Horses have natural body heat. As a horse’s metabolism burns food, it diverts the energy to maintain the body temperature automatically during cold weather. Plus, the fur provides insulation which helps some horses to withstand cold as low as zero degrees. Still, there are two ways to protect your horse from chilly temperatures, to ease your mind about your equestrian friend in the winter.
Horses require plenty of food and water during the winter. Your horse may eat more hay or grain when it’s cold to keep the body heat regular. Horses also tend to move less often in the winter, so that most of the energy from food will go toward maintaining the body temperature. Water is also vital to the horse’s temperature. Most horses drink more than 10 gallons of water in the warmer months. A percentage of the horse’s moisture comes from its food. Grain, hay, and feed will have less moisture in the winter, meaning that your horse needs more water to compensate.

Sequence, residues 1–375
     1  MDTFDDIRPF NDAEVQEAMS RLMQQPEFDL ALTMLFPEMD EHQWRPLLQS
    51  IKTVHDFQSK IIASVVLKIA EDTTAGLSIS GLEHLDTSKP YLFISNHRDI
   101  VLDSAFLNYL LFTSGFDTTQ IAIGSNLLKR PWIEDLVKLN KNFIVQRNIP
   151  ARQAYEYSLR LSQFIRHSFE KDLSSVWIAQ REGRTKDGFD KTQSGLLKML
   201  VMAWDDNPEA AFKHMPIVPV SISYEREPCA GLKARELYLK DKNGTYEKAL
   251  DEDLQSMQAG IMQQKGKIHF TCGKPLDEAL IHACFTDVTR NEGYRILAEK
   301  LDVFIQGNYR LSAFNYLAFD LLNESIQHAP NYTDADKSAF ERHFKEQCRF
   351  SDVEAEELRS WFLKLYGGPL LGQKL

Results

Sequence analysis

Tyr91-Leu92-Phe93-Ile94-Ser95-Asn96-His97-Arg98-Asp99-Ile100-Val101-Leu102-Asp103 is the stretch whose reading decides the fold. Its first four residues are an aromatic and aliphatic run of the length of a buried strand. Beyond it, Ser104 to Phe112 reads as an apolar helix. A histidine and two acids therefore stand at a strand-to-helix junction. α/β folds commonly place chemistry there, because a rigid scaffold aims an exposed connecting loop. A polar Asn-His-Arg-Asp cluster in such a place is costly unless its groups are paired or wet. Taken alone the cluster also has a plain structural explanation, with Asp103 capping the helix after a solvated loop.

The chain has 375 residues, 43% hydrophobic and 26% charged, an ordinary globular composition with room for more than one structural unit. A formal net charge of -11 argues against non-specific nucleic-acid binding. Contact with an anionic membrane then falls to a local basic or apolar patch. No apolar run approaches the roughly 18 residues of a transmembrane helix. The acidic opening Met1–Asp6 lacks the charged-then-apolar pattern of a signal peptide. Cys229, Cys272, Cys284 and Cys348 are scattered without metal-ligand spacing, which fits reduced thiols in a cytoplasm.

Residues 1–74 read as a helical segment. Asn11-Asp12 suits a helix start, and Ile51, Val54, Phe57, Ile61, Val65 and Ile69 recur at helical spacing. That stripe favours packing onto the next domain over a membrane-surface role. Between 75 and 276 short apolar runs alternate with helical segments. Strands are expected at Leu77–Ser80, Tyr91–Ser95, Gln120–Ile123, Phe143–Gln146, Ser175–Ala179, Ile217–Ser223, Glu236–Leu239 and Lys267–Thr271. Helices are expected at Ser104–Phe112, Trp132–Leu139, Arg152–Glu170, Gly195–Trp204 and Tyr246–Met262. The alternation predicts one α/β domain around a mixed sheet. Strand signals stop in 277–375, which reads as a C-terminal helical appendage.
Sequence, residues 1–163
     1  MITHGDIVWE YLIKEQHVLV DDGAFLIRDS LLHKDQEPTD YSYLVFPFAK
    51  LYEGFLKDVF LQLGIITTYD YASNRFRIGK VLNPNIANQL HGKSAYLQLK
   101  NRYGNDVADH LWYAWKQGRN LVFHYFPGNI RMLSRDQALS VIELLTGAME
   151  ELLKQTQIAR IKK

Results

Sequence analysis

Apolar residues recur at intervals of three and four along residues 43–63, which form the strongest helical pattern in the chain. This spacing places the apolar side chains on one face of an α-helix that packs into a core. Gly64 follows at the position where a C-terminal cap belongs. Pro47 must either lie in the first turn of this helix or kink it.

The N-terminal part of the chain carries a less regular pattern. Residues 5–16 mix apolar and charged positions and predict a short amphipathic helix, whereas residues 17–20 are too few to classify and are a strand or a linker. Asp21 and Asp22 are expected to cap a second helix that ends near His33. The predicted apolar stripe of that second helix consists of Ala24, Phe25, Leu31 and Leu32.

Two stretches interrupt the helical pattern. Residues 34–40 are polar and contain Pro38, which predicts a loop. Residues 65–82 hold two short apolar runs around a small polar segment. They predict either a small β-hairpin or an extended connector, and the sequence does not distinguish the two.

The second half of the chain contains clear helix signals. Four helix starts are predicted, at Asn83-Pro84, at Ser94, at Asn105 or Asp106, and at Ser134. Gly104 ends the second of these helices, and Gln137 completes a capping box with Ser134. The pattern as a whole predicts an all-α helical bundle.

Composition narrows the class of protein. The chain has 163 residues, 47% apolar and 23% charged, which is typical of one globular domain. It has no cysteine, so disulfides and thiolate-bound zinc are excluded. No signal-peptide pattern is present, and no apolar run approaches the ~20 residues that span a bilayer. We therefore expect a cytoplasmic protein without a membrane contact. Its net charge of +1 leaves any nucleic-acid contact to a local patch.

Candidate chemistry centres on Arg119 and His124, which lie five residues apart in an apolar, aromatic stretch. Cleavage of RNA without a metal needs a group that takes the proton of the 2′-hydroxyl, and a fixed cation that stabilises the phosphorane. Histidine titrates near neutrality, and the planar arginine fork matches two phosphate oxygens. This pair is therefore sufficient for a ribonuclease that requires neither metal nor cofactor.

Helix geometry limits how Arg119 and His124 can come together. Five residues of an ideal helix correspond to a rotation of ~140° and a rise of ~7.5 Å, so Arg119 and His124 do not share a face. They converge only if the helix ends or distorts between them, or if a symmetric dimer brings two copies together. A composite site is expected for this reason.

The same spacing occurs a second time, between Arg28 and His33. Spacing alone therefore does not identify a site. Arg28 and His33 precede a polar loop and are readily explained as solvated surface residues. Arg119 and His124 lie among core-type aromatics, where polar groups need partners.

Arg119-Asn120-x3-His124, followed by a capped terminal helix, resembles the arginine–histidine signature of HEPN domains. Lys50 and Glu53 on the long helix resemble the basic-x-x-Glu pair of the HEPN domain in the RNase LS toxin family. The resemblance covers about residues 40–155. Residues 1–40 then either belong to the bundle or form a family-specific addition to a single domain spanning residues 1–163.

Providing shelter for a horse is one way to ensure that it survives bitter cold. There are several ways to shield the animal from the cold, such as building a stable, using a shed, or providing blankets. Stables have four sides to keep out the winter elements, including howling winds which can sometimes spook a horse. A shed usually has an open front, allowing for a horse to seek shelter when needed. Blankets provide an additional layer of warmth but make sure that it is breathable. If a horse is sweating under the rug, it could be colder wearing the blanket, than just using its own naturally created heat.